Just the other morning I accidentally ran over the chain harrow with the gator, which reminded me to hitch it up and drag the West Pasture before the rains hit.  The herd spent most of the winter on those three acres, moving slowly from back to front, adding tons of carbon and nutrients; dragging spreads all that out a little more evenly, fills in hoof prints a little and lifts any large chunks that would smother growth below.  The picture above shows the job about half done.  It’s a beautiful thing to see all the good stuff laid on top, ready to be eaten by the little creatures and incorporated into the soil, boosting vigor and growth of the sward all summer long.

It’s going to be a busy Spring, I have a lot planned this year and the snowstorms set me back a bit on some stuff.  The garden, for instance, still sits just like it did after I dug the sweet potatoes, last crop harvested – tomato stakes still up, nothing pulled out and burned, a mess.  Haven’t started seedlings yet either, which I hope to remedy this weekend.  Last year my veggie starts were early, this year they will be late.  Oh well.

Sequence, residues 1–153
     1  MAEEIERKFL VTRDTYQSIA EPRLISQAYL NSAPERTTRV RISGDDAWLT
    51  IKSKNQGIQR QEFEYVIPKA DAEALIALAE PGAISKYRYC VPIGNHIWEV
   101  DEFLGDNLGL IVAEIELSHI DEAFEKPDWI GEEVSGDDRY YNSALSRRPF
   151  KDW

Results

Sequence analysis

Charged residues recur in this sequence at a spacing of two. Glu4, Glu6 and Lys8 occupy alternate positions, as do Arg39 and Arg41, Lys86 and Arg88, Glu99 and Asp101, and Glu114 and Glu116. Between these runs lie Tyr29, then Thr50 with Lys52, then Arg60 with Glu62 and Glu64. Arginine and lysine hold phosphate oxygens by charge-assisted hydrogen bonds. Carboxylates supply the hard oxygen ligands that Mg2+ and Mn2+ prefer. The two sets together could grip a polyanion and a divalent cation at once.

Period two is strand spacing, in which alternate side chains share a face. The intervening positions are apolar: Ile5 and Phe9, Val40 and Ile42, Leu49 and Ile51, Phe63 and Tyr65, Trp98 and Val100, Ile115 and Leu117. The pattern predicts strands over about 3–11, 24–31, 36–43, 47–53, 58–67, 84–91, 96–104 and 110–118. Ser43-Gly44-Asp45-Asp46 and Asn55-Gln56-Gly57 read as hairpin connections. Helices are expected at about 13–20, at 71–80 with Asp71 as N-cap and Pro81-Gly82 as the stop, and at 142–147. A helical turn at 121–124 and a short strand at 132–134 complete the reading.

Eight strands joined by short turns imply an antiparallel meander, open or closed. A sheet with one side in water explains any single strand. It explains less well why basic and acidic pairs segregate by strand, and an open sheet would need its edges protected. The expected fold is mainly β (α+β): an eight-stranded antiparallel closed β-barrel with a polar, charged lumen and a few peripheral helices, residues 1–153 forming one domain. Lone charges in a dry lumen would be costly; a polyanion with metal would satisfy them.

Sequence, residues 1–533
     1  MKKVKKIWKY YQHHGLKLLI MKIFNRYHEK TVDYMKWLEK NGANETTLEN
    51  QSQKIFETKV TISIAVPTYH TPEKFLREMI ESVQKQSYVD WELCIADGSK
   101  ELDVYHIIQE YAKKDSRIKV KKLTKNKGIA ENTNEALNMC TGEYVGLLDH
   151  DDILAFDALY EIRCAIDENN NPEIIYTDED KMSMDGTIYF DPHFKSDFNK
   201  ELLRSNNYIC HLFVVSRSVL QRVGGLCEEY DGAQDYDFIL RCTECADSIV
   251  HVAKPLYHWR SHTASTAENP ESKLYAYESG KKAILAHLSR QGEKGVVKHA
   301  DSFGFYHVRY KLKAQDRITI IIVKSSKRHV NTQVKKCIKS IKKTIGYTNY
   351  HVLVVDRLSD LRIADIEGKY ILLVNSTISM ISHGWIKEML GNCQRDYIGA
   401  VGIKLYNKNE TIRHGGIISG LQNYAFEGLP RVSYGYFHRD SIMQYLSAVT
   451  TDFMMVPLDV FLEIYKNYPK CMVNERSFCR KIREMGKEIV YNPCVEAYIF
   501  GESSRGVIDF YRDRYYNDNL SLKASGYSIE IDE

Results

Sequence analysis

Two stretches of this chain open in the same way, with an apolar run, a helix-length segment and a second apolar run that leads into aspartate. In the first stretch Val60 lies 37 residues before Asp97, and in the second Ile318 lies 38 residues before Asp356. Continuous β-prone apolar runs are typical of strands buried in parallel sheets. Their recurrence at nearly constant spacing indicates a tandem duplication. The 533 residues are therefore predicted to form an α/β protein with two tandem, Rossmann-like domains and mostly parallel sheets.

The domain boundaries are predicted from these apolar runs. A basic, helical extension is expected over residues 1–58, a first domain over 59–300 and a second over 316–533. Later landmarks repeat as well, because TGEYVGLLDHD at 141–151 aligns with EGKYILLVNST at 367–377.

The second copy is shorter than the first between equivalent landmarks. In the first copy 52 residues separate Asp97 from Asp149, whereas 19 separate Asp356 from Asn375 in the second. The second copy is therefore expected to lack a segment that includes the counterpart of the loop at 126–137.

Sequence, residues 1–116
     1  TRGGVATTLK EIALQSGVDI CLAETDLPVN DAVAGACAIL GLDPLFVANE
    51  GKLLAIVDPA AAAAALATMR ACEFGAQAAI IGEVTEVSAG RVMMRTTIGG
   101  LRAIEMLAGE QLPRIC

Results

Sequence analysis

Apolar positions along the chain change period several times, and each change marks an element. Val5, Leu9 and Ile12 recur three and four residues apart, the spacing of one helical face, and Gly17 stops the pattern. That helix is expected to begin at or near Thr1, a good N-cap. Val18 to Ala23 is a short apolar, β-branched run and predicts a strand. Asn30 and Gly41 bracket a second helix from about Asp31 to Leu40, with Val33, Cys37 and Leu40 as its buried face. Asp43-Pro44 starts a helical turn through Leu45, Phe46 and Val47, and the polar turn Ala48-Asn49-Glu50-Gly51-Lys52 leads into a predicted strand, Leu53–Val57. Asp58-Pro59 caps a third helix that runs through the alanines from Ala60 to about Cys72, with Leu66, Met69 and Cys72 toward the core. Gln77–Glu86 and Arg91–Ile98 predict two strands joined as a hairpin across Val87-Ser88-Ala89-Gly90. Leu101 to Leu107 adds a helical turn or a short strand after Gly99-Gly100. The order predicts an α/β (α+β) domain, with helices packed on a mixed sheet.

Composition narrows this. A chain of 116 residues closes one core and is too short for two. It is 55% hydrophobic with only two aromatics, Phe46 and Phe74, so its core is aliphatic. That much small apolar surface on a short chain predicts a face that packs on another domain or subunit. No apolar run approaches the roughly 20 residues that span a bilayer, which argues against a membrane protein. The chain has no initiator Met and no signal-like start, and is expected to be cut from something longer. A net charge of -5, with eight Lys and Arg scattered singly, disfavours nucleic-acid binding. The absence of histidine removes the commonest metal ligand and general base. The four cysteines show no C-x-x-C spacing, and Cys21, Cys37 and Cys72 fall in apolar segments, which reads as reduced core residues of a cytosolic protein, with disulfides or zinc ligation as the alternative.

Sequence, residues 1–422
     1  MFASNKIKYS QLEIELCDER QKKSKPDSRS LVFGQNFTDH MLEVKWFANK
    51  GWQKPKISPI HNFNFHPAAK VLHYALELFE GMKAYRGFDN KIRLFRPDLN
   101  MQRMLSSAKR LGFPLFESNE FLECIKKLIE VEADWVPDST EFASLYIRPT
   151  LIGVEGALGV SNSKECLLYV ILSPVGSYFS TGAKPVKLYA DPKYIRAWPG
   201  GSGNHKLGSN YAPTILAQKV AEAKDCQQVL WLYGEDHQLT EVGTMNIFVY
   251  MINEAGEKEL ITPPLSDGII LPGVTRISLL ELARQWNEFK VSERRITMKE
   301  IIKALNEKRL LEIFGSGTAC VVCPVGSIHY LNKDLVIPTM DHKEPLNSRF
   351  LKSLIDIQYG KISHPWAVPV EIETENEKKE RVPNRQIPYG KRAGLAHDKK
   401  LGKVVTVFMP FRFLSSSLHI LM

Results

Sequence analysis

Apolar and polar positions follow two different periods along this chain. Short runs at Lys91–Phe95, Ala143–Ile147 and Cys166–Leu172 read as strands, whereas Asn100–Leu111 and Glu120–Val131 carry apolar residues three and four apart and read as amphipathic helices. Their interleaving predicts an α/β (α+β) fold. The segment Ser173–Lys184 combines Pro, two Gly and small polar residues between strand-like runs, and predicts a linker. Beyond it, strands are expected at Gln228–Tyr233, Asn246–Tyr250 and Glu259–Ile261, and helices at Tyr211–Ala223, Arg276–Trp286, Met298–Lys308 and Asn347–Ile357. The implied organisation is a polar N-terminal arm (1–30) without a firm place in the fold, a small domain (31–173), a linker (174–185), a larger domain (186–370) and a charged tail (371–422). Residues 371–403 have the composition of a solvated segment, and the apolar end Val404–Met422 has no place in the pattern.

It’s also time to plant a little orchard.  Bare-root trees arrive in April.

And bees, I’m starting a beehive this Spring.  Bees arrive in May.

Then there are the big red horses to train.  With any luck I’ll have one or more of them hooked to some kind of training sled this summer, perhaps a stick of firewood this Fall.  That project goes slowly but steadily, we make progress every day on manners and communication and connection, this is the year to build on that and get them thinking and acting more like workhorses.  No rush to pull anything heavy but lots of opportunity to build skills for both horse and human.

So here we go.  Winter is behind us, the farm is waking up, it’s a beautiful place to live and the work is hard but fun.  I will figure out how to wedge the storytelling into the story doing somehow, it is important and not as difficult as all that.  Just need to work it in like I do everything else.